Perlite: It's Like Popcorn for Your Potting Soil!

By: Nathan Chandler  | 

potting soil
This potting soil contains a mix of peat moss, perlite, compost and other organic matter. Douglas Sacha/Getty Images

Tear open a bag of commercial potting soil and you immediately see a mixture of rich black soil and white flecks. That white stuff isn't there by accident — it's likely perlite, and it's an essential addition that makes the soil more suitable for plant growth. Perlite promotes soil drainage, so plant roots don't become water-logged.

"It increases pore space in growing media, which is critical for aeration [perforating the soil with pockets of air], water drainage and root growth," emails Jon Traunfeld, director of the University of Maryland Extension Home & Garden Information Center. "It doesn't change the pH of growing media. Plus, it is sterile and lightweight, making it easier to handle and cheaper to ship."

If you're not an ardent gardener, you might not have a clue what perlite is or where it comes from. You might also be surprised to hear that perlite's often called "popcorn for your soil."

It's definitely not popcorn, though.

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What Is Perlite?

Perlite is a type of form of amorphous volcanic glass that contains roughly 2 to 5 percent water. It's a lot like pumice, but denser. Both types of glass are formed as molten lava slowly cools. Composition varies a bit, but perlite is made up mostly of silicon dioxide (70-75 percent), aluminum oxide (10-15 percent), plus smaller amounts of sodium oxide, potassium oxide and other minerals.

Miners extract perlite from the earth using explosives and/or machinery. There are large mines in countries like Armenia, China, Greece, Japan, Turkey and America. The U.S. imports roughly one-third of its processed perlite while getting the rest from domestic mines in Arizona, California, Idaho, Nevada, New Mexico and Oregon.

Once perlite is taken from the ground, processing plants crush the material into smaller pieces that are more suitable for a variety of purposes. Then, the magic begins. Workers heat the perlite to roughly 1,600 degrees Fahrenheit (871 degrees Celsius), causing the water within to expand into vapor. This "popping" reaction is where the "popcorn for your soil" moniker comes into play, and it's the same principle that causes the kernels of popcorn in your microwave to expand into a delicious treat.

The end result is what's called expanded perlite, and this process results in a material that's 20 times its original volume, while being 40 times less dense. Before it is popped, perlite is usually gray, but it can be brown, green, blue or red. Once it's expanded, perlite is generally light gray to white.

Structurally, expanded perlite is light and airy, with tiny bubbles and holes throughout. Its primary selling point is its low density and low price, which make it handy for a variety of applications.

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Uses of Perlite

In expanded form, perlite's used for lightweight plasters, insulation, ceiling tiles and concrete. It's perfect for noise insulation, too, and the fact that it's non-flammable makes it safe for use in many types of construction. Perlite is also widely used in the beverage industry as a filtration agent, particularly for beer. In its puffed form, it assists filtration by fighting clogs that would otherwise shorten a filter's life.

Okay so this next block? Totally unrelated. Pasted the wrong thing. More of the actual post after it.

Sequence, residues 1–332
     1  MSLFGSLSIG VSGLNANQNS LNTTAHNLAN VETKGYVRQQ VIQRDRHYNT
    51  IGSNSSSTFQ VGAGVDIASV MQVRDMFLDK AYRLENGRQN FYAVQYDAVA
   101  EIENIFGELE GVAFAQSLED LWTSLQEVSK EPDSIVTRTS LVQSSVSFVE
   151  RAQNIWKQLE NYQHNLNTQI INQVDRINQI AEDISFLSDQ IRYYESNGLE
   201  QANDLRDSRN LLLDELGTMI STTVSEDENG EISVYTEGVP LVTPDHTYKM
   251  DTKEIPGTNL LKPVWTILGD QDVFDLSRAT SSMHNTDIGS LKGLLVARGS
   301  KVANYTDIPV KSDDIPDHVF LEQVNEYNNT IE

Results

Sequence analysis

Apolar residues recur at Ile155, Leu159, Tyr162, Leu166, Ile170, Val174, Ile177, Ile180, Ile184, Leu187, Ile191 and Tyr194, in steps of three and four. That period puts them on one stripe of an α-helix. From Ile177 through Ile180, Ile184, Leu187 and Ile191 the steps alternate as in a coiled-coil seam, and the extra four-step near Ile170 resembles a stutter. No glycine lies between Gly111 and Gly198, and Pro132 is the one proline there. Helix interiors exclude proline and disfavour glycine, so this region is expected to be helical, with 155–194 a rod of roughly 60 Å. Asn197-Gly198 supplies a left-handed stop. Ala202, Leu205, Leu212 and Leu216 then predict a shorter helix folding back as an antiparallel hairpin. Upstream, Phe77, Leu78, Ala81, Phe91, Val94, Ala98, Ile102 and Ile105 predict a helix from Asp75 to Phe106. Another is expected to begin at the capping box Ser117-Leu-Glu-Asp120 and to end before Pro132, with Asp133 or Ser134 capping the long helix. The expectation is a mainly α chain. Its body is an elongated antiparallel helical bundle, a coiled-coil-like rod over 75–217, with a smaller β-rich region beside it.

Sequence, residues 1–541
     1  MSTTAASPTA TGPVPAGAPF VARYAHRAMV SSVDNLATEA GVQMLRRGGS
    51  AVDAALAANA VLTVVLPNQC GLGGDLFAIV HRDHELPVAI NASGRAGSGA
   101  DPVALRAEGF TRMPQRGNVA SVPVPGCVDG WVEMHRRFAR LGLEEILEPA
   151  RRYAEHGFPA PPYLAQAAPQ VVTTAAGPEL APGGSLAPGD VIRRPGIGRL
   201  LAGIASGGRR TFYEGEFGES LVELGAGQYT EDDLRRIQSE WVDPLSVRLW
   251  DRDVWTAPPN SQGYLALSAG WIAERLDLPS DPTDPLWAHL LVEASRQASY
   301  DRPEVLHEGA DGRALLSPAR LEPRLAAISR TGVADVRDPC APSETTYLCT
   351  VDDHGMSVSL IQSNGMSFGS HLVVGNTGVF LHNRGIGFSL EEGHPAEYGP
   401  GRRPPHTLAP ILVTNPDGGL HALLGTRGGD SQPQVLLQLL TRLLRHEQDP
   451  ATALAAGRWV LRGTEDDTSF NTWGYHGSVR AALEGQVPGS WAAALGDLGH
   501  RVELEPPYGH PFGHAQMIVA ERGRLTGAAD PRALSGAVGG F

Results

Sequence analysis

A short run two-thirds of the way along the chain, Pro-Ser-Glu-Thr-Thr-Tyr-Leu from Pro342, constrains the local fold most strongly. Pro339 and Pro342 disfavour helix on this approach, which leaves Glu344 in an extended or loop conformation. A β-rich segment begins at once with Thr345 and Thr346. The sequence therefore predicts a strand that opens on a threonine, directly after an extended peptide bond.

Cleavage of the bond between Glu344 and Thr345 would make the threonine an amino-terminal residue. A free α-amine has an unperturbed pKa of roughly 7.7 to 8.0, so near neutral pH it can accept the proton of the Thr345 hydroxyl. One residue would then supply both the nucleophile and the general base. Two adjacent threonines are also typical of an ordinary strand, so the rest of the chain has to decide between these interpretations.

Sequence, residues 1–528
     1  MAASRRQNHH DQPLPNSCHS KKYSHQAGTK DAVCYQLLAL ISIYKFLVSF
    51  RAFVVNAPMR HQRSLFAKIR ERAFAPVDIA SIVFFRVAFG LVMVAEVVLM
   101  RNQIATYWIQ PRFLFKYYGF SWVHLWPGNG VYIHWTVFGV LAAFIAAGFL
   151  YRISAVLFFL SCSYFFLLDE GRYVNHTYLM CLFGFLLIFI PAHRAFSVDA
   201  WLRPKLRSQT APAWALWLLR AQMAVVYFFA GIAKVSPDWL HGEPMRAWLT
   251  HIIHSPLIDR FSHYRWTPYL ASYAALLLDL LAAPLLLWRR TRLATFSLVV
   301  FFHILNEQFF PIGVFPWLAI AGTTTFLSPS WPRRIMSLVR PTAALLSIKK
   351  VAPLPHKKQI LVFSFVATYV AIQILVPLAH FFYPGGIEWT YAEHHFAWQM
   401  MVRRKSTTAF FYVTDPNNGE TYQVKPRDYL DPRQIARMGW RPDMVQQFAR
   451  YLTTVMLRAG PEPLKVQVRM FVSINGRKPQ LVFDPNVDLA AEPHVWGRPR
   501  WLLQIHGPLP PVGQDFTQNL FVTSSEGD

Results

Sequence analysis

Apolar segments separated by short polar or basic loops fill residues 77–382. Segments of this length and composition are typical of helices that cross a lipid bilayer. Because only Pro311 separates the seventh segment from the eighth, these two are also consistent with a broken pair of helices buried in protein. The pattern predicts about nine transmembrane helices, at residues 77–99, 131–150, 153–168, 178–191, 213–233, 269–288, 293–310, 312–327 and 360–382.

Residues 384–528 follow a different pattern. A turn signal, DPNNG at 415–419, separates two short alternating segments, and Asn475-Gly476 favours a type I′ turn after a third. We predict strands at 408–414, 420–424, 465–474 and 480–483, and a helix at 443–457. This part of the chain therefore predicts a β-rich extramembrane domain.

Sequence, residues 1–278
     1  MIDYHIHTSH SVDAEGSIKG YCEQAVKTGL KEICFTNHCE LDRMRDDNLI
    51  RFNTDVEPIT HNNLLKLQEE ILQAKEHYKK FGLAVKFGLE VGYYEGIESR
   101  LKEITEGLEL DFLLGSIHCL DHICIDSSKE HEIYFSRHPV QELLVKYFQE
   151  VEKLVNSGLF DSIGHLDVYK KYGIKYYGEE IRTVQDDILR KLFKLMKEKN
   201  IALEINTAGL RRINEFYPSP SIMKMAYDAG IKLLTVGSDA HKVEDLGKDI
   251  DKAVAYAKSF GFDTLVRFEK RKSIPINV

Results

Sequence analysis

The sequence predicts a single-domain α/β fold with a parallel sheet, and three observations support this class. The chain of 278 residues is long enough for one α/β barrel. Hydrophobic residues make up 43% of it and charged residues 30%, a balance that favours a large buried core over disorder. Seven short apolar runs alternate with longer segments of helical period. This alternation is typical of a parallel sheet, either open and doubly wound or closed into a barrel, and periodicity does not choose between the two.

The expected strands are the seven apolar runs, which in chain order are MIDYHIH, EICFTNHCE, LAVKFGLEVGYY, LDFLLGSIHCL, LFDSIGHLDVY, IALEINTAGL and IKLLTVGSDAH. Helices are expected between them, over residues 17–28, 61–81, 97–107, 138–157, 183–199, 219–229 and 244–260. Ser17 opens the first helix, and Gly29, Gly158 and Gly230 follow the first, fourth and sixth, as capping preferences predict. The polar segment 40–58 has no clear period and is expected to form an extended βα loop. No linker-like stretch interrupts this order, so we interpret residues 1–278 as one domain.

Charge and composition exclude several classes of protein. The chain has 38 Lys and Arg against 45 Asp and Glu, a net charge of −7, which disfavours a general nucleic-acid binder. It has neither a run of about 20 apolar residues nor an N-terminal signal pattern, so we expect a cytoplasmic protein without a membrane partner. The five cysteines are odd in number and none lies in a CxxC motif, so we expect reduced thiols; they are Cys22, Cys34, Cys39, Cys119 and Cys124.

perlite
In addition to potting soil, perlite is used for lightweight plasters, insulation, ceiling tiles and concrete.
Hemera Technologies/Getty Images

For most people, perlite's unique properties are most apparent when it comes to gardening, and about 10 percent of the world's perlite use goes toward horticulture every year. "Perlite is sterile, lightweight and contains lots of tiny air spaces, increasing air in the soil and improving drainage," says Melinda Myers, a horticulturist and gardening expert, via email.

"When making my own potting mix I used one part perlite, one part compost and one part peat moss," she says. "You may need to try a few mixtures to see what best fits your gardening and watering style. Like any recipe, the proportions may be adjusted for the way the gardener likes to water and care for plants and the type of plants they are growing."

Traunfeld recommends making perlite 10-33 percent of your potting mix, depending on the intended use and other ingredients you have. "For example, higher percentages are helpful in seed starting mixes and for growing plants with root rot issues," he says.

Root rot is directly related to water drainage. Aeration is another — and it's critical, because roughly 98 percent of the oxygen that plants absorb from their environment happens through their root system.

That's why a lot of savvy homeowners also scatter perlite over their lawns. Perlite naturally works its way through the soil, preventing root rot and increasing aeration, resulting in healthier, more resilient grass growth.

Perlite isn't the only way you can improve your soil quality. Pumice, rice hulls, vermiculite, and pumice have similar qualities, but they have characteristics that vary depending on the issues you're wrestling with. Perlite, for example, is best for situations where you want very good aeration and drainage, as well as good water retention.

Depending on your needs, you can blend perlite with a variety of substrates to create soils that are perfect for different plant species. Myers says that peat moss, pine bark and coir (coconut fiber) are all commonly paired with perlite.

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